One week into training camp, here are some observations and questions concerning your 2012 New Orleans Saints.
The Saints defense is undergoing a rapid transformation. Gone are the bravado and blitzes of Gregg Williams. In its place, the zone dog 4-3 defense of new coordinator Steve Spagnuolo. The secondary now plays a lot of zone coverages, which is a good thing because they are thin at cornerback and at safety.
Jabari Greer and Patrick Robinson are very solid as starting cornerbacks, but when it comes to the nickel, the Saints better hope Johnny Patrick is the answer and that the unit stays away from injury.
Patrick may need to step up to an even bigger role with Greer likely out for at least the rest of training camp after sports hernia surgery. The team did many more good things than bad personnel-wise in the offseason, but I think not re-signing cornerback Tracy Porter was a mistake.
Strong safety Roman Harper, who thrived under Williams as a tackler in the box and a blitzer, has new responsibilities in the Spags scheme. Free safety Malcolm Jenkins has to prove that he can anticipate, break on the ball and make big plays. Those plays have been few since Darren Sharper's superb 2009 season.
In 2009 and 2010, Gregg Williams and his attacking scheme was all the rage. But in 2011, Williams was the goat as 49ers tight end Vernon Davis ran free down the middle to catch one of the biggest passes in 49ers history and help eliminate the Saints from the playoffs.
The problem the Saints have on defense is simple: Not enough good players. Tell me one elite player the Saints have on that side of the ball? When Williams arrived in 2009, he brought in Greer and Darren Sharper in free agency, pushed for the drafting of Jenkins, and enjoyed a big second year from Porter.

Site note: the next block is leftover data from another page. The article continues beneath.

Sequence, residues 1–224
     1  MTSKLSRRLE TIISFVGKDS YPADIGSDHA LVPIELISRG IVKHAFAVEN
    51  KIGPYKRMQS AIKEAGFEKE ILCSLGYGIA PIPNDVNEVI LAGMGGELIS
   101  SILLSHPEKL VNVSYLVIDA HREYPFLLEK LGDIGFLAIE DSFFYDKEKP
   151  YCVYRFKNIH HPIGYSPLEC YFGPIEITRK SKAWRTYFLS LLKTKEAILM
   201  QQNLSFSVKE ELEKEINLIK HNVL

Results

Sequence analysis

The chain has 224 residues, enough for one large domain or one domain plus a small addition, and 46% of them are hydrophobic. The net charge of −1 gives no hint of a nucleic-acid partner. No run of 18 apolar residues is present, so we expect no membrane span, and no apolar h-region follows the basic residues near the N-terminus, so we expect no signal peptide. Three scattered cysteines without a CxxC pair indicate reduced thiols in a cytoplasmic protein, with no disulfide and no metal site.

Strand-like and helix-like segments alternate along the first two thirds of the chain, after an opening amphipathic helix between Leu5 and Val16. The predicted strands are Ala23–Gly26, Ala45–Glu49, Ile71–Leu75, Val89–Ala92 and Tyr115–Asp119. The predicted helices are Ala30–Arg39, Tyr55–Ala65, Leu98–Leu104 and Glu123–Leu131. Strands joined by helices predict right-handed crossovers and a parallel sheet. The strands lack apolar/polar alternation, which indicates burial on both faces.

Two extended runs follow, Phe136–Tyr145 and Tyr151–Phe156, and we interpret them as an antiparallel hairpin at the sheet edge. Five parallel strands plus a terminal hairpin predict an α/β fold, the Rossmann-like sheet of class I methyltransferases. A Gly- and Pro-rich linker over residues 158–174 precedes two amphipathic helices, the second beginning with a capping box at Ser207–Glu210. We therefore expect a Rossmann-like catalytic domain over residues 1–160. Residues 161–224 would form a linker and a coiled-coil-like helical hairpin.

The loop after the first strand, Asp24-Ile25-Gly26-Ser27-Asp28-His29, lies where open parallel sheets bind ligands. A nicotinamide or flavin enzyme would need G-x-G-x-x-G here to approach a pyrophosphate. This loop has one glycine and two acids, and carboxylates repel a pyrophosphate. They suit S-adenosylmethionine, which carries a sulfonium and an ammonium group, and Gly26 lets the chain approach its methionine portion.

Suddenly, New Orleans was able to make a huge leap on defense.
The Saints' elite players are on offense. Quarterback Drew Brees has two top-rate targets, wide receiver Marques Colston and tight end Jimmy Graham. Right guard Jahri Evans is one of the best at his position in football.
Right now, veteran Adrian Arrington looks like the fourth receiver, ahead of draft choice Nick Toon and Joe Morgan. Courtney Roby, who doubles as a kickoff man, could be on the bubble. But the fact that Roby is low in the pecking order is no knock on his skills, but rather a testament to how good the depth is at that position.
This is also the year we find out about Mark Ingram. Last season, head coach Sean Payton said he was preventing the rookie back from being a Pro Bowl player because of so few carries. If the Saints ever get away from backfield by committee, it will be because Ingram is producing at a very high level.
The Saints will name a replacement for interim head coach Joe Vitt soon. Vitt is suspended for the first six games for his alleged role in the Saints bounty program. If I had to choose, the interim for the interim would be offensive line coach Aaron Kromer.
Kromer has some leadership skills, so elevating him would allow offensive coordinator Pete Carmichael to concentrate on play-calling duties. With Vitt absent, Spagnuolo would be allowed to concentrate all of his efforts on defense.
The Saints will kick off the preseason Sunday night in Canton, Ohio against the Arizona Cardinals. For the first time since the end of the 2005 season, Sean Payton won't be in the house. But he and general manager Mickey Loomis have built a solid organization that can weather this unprecedented storm.
I don't think the Saints will be a middling 9-7 team. They will either stay relatively healthy and ride the wave of anti-Roger Goodell emotion to a very big year or slip because of injuries and a defense that has many question marks.
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